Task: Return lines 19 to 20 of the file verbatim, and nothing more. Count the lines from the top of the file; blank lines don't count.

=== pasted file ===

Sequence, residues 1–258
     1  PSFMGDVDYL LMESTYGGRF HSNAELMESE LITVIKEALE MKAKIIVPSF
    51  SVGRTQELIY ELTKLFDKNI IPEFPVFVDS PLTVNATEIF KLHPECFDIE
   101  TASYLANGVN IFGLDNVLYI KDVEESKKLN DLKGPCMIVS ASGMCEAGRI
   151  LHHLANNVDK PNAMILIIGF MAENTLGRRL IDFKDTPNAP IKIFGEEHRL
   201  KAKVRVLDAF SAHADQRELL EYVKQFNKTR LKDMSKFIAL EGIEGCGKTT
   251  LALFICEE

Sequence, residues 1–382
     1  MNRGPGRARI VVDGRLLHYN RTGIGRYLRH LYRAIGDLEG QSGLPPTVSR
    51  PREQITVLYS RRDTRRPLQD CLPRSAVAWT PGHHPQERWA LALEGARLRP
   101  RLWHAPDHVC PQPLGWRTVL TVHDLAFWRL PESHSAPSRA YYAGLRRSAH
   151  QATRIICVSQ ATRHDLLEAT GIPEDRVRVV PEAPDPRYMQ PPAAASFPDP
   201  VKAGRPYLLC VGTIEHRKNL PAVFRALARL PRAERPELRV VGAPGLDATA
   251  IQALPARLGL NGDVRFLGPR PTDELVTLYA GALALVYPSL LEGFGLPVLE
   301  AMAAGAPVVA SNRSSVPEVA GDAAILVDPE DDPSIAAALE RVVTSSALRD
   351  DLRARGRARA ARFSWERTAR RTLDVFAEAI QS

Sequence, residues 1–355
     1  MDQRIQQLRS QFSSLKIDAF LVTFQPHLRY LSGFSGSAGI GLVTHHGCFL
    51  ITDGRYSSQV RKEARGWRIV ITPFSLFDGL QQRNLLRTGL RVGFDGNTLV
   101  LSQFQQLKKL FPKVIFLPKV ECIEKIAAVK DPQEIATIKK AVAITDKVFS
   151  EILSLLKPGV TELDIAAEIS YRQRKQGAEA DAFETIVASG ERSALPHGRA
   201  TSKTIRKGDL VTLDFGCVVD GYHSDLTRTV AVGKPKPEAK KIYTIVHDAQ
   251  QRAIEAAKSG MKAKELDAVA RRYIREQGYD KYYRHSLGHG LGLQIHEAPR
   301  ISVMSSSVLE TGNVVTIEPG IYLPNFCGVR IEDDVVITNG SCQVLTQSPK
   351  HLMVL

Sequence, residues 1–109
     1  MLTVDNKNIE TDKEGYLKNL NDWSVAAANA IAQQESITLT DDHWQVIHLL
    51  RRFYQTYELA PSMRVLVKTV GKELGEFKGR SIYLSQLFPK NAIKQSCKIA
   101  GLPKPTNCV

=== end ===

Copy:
    51  ITDGRYSSQV RKEARGWRIV ITPFSLFDGL QQRNLLRTGL RVGFDGNTLV
   101  LSQFQQLKKL FPKVIFLPKV ECIEKIAAVK DPQEIATIKK AVAITDKVFS